Paul Volpe, who served as technical coordinator for the National Association of Printing Ink Manufacturers (NAPIM) from 1976-95, died Feb. 9, 2002.
Prior to coming to NAPIM, Mr. Volpe enjoyed a full career at Sinclair and Valentine from 1953 to 1975. A fixture in the printing ink industry for 42 years, Mr. Volpe was honored with NAPIM’s Printing Ink Pioneer Award in 1985 and the New York Printing Ink Production Club’s Master Ink Technologist Award in 1990.
His colleagues at NAPIM remember Mr. Volpe for his knowledge and his warm personality.
“I knew Paul back when we both were at Sinclair & Valentine,” said James Renson, who served as NAPIM’s executive director from 1975-91. “He ran our S&V plant in Cuba, and after the revolution, he was relieved from his duties with a man with a gun. He just picked up his hat and walked out.
“He was a very pleasant and warm person who was always ready to help others,” Mr. Renson said. “He was definitely a people person. He really worked well with the technical people throughout the industry.”
“Paul was one of the brightest guys I’ve ever known,” said Jimmy Sutphin, NAPIM’s executive director from 1991 to 1997. “Paul and Jim Renson were incredible. I called them the Dynamic Duo. They were two great guys to learn from.”
“His 22 years in the industry with S&V really prepared him to serve the industry and help our members,” said James Coleman, NAPIM’s executive director. “He was a detailed, tenacious man who would dig for answers. He was also very involved with his community and his church.”
Richard Incontro, NAPIM’s present technical coordinator, said Mr. Volpe was an immense help when Mr. Incontro succeeded him in 1995.
“He was exceedingly knowledgeable, especially in paste inks,” said Mr. Incontro. “He taught me very well.”
In particular, Mr. Volpe’s influence on the industry can be found in his efforts to provide a foundation for the ink industry in light of the environmental regulations that sprung up from the federal government. “When he first came to NAPIM, he handed governmental affairs, which was beginning to become important,” Mr. Renson said.
“When Paul and Jim Renson were at NAPIM, the Resource Conservation and Recovery Act (RCRA) and the Occupational Safety and Health Administration (OSHA) regulations were being implemented,” said George Fuchs, NAPIM’s manager of information technology and environmental affairs. “They did a tremendous amount of work to develop training information and manuals to help the ink industry comply to the new laws. They laid the groundwork for the ink industry, and they developed positions that to this day are still being used for guidance.”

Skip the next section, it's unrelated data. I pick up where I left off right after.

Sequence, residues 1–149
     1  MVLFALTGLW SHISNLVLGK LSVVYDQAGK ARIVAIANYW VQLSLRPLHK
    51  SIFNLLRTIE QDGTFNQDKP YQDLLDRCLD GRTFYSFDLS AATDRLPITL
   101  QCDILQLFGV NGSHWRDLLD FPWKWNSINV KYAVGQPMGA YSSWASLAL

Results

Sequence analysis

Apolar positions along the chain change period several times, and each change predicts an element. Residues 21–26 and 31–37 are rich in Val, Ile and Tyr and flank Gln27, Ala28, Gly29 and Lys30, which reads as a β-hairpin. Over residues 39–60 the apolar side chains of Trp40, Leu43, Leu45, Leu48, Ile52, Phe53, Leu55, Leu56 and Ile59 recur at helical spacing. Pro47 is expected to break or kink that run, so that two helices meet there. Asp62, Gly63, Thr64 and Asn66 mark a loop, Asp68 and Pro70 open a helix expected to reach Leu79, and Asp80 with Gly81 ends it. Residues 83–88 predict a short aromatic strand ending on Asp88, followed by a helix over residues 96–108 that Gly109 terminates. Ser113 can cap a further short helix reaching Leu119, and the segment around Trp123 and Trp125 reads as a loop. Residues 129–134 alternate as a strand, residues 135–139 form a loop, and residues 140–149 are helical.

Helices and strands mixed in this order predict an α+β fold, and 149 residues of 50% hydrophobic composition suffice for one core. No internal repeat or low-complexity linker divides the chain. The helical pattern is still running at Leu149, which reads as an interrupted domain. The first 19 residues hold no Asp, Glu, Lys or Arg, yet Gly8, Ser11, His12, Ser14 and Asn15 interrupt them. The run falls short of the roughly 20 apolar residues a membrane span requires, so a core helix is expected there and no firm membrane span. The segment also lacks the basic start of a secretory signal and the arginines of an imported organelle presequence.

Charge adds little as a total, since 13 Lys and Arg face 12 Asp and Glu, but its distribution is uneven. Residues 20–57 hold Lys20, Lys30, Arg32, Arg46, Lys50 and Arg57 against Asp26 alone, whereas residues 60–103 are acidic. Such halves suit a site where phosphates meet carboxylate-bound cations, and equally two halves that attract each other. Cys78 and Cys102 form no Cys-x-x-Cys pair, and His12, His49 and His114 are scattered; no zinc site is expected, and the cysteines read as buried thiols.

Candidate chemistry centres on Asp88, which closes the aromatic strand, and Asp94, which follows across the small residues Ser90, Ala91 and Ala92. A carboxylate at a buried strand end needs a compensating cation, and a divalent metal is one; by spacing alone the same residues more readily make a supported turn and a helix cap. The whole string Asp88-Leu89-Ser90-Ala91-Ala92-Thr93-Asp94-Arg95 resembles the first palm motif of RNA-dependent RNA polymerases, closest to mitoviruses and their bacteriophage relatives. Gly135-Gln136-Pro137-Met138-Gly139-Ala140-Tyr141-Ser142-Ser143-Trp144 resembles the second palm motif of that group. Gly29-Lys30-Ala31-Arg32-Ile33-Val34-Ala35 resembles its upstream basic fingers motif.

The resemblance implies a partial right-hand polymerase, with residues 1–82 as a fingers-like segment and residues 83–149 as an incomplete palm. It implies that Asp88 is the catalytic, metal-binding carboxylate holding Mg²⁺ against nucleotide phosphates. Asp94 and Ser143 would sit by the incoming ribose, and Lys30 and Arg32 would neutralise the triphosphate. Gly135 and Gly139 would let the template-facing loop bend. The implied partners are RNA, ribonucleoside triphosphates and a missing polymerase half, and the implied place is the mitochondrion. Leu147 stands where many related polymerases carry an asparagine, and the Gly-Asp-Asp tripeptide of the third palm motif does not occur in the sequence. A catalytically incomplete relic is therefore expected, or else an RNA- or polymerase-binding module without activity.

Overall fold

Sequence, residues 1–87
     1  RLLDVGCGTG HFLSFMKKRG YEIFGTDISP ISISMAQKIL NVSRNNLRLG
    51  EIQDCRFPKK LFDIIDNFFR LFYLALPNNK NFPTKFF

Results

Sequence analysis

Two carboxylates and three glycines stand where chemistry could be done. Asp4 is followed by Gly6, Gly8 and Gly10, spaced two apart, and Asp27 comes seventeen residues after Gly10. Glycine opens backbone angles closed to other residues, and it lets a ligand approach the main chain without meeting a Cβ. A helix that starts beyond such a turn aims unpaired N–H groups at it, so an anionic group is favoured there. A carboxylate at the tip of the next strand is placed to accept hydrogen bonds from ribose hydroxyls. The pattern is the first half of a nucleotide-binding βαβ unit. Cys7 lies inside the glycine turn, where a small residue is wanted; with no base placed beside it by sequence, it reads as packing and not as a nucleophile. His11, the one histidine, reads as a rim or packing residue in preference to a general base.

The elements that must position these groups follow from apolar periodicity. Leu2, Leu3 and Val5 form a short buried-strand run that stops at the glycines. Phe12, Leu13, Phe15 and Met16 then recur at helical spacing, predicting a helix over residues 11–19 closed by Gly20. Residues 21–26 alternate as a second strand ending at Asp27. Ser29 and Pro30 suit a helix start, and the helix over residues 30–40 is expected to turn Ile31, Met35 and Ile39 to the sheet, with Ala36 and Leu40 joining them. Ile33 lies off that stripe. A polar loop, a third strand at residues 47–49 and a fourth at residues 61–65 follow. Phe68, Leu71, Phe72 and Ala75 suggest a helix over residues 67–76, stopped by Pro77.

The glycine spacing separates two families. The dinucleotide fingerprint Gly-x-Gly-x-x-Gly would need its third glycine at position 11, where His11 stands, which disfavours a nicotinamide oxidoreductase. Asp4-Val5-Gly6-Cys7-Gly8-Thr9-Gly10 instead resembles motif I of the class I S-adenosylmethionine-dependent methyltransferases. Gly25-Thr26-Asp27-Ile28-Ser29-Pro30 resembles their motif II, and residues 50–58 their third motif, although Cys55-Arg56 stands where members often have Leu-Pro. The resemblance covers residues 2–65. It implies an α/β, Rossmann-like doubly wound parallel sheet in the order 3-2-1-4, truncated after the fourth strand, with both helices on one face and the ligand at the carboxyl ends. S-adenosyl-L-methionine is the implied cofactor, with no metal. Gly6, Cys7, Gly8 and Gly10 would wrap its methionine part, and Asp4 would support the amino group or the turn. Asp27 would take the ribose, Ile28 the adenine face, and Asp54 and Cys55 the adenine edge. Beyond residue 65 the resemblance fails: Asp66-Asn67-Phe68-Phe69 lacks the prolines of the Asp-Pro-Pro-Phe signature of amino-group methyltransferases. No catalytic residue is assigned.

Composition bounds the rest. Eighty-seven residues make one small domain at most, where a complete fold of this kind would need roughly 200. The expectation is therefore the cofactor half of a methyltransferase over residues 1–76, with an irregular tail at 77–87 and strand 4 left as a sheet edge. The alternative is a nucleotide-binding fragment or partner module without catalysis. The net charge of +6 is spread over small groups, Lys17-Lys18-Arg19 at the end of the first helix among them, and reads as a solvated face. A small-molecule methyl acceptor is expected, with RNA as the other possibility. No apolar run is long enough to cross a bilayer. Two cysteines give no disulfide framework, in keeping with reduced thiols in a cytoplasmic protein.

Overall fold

Mr. Volpe is survived by his wife Lucy, four children and eight grandchildren. To send condolences please contact the NAPIM office at (732) 855-1525.
Colleagues Mourn Stuart Booth
Stuart Edgar (Budge) Booth, 62, died at his home on Feb. 11, 2002, after a battle against brain cancer.
He was born Nov. 9, 1939, the eldest child of John Stuart and Frances Edgar of Summit, NJ. Mr. Booth graduated from Duke University, earning a zoology degree. Upon graduation from college, Mr. Booth joined the Navy, where he was trained as an anti-submarine pilot and flight instructor.
After leaving the Navy as an officer, Mr. Booth began a successful career in the pigment industry with Kerr-McGee Corp. In the late 1970s, the Booths relocated their family to Portsmouth, RI, where he founded Synergistic Pigments, Inc. His brother, Michael Booth, joined a year later. In the 1980s the family acquired Roma Color, Fall River, MA.
Stuart Booth became president in the early 1990s, upon his father’s retirement. His enthusiasm and vision invigorated Roma Color and led the company to expanded sales, improved quality and several awards such as the Good Citizen Award from the city of Fall River in 1994, and the Blue Chip Award for Excellence in 1996.
“Stuart had several favorite expressions such as ‘There are no such things as problems, only opportunities,’” Michael Booth said. “And whenever you saw him and asked him how he was doing, it was always the same. Stuart was always ‘Fantastic!’
“Stuart was a natural leader who always brought tremendous confidence to every thing he did,” said Michael Booth. “And he was extremely generous. Stuart had a hard time saying ‘no’ to people. He liked to help people out, and give them a chance. Stuart was what these guys on the street used to call ‘good people,’”
The Booth family sold the business, now known as EC Pigments, to European Color in the U.K., in 1999. Stuart Booth retired in July, 2001 and moved to Oklahoma. He maintained his FAA license, owned several planes, and continued to fly right up until a few month before his death.
“Stuart treated his entire illness as if it were a temporary setback, never giving up and never feeling sorry for himself,” said Michael Booth. “He spent the last week of his life surrounded by his wife and children, listening to stories and joking around with them. One of his main goals was to get his FAA license renewed and continue to fly. He died peaceably at home.”
He is survived by his wife of 30 years, Karen; one son, one daughter, two stepsons and a stepdaughter, three sisters, two brothers and six grandchildren.